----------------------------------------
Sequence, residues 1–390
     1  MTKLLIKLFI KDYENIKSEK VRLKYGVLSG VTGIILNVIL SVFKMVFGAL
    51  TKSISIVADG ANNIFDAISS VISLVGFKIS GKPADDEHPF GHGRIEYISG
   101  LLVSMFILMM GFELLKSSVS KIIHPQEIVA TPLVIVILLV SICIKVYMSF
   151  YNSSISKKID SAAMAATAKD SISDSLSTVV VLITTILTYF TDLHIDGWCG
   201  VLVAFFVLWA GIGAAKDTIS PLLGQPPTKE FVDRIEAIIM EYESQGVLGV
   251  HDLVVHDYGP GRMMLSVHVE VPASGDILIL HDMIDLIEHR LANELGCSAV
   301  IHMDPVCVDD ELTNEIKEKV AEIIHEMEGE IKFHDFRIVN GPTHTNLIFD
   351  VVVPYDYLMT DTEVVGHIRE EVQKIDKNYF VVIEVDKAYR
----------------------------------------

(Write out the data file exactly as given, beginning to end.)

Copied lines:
Sequence, residues 1–390
     1  MTKLLIKLFI KDYENIKSEK VRLKYGVLSG VTGIILNVIL SVFKMVFGAL
    51  TKSISIVADG ANNIFDAISS VISLVGFKIS GKPADDEHPF GHGRIEYISG
   101  LLVSMFILMM GFELLKSSVS KIIHPQEIVA TPLVIVILLV SICIKVYMSF
   151  YNSSISKKID SAAMAATAKD SISDSLSTVV VLITTILTYF TDLHIDGWCG
   201  VLVAFFVLWA GIGAAKDTIS PLLGQPPTKE FVDRIEAIIM EYESQGVLGV
   251  HDLVVHDYGP GRMMLSVHVE VPASGDILIL HDMIDLIEHR LANELGCSAV
   301  IHMDPVCVDD ELTNEIKEKV AEIIHEMEGE IKFHDFRIVN GPTHTNLIFD
   351  VVVPYDYLMT DTEVVGHIRE EVQKIDKNYF VVIEVDKAYR